On 12 July 1717 the minister at Gemmingen listed in the parish death register the “parents, together with their children, [who] expect to move away from here, wanting to take ship to Pennsylvania, and there in the hardship of the wilderness better their piece of bread than they could here.” Included were:
Hans Michael Schmidt, age 28
wife Anna Margaretha, same age,
son Hans Michael, age 5 1/2
son Christopher, age 1/2
his in-laws.
Also listed was Matthäus Schmidt, age 25/30, wife Regina Catherina, same age, son Matthäus, age 3 1/2 and daughter Anna Margaretha, age 1/2.

They arrived in Virginia near Germanna in then Essex Co., now Culpeper Co., in late 1717 or early 1718 according to today’s calendar, being members of the so-called second Germanna Colony of 1717. The colony moved about 25 miles west to the Robinson River area of Spotsylvania Co. in 1725. This area became Orange Co. in 1734, Culpeper Co. in 1748, and Madison Co. in 1793.”

We have a copy of his will:

25 Feb. 1760, from Culpeper Co. Will Book A, p. 243:

In the name of God Amen, I John Michael Smith of the Parish of Brumfield in Culpeper County being old weak & helpless, but thanks be unto God of perfect Mind and Memory, & calling unto Mind the Mortality of my Body & knowing it is appointed for all men once to die, do make & ordain this my last will and Testament. That is to say principally & first of all I give & recommend my Soul into the Hands of Almighty God that gave it, & my Body I recommend to the Earth to be buried in decent Christian Burial nothing doubting that at the General Resurrection I shall receive the same again, by the mighty Power of God. and as touching such worldly Estate wherewith it hath pleased God to bless me in this Life, I do give demise & dispose of the same in the following manner & form, viz.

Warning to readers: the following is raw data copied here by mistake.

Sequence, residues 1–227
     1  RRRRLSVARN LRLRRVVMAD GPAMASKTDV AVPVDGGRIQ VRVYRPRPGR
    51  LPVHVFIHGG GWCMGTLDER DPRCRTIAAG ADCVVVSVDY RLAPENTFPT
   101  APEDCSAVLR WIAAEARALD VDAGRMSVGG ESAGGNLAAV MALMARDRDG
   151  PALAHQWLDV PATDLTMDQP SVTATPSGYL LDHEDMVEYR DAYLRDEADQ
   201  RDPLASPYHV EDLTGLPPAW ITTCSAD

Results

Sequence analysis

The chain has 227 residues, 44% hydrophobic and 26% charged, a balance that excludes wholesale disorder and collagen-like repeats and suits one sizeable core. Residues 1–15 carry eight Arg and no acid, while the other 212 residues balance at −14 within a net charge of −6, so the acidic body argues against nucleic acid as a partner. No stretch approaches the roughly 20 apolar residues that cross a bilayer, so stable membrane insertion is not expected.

I do give bequeath & make over unto my dearly beloved only Son John Michael Smith Junior & his heirs forever all my Estate personal as well as real, that he may take the sole & full Possession of it, & all the Lands Goods & Chattels forever after my decease, reserving unto me only the Claim to my Estate as long as I live, & thereby I do revoke & disannull all Wills made before by me & I do acknowledge to be this my last Will & Testament never to be revoked

Signed Sealed & delivered Witness my Hand & Seal
in the presence of us
in the year of our Lord God Michael Schmid?
1760. 25th of February (signed in German)
Adam (AY) Jager,
Henry Ayler
At Court held for the County of Culpeper on Thursday the 19th day of February 1761 This last Will and Testament of John Michael Smith decd was exhibited to the Court by John Michael Smith his only son & heir and the Executor therein named and was proved by the oaths of Adam Yeager & Henry Aylor Witnesses thereto and ordered to be recorded and on the motion of the said Executor Certificate is granted him for obtaining a Probate thereof he giving Bond & Security according to Law and also took the oath of an Executor.



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wow, that is so interesting –

Liked by 1 person


December 14, 2017

Your grandfather must have been extremely well-educated to have some beautiful handwriting.. The events are terrible….. wow.


Stevie Wilson (@LAStory)

December 20, 2017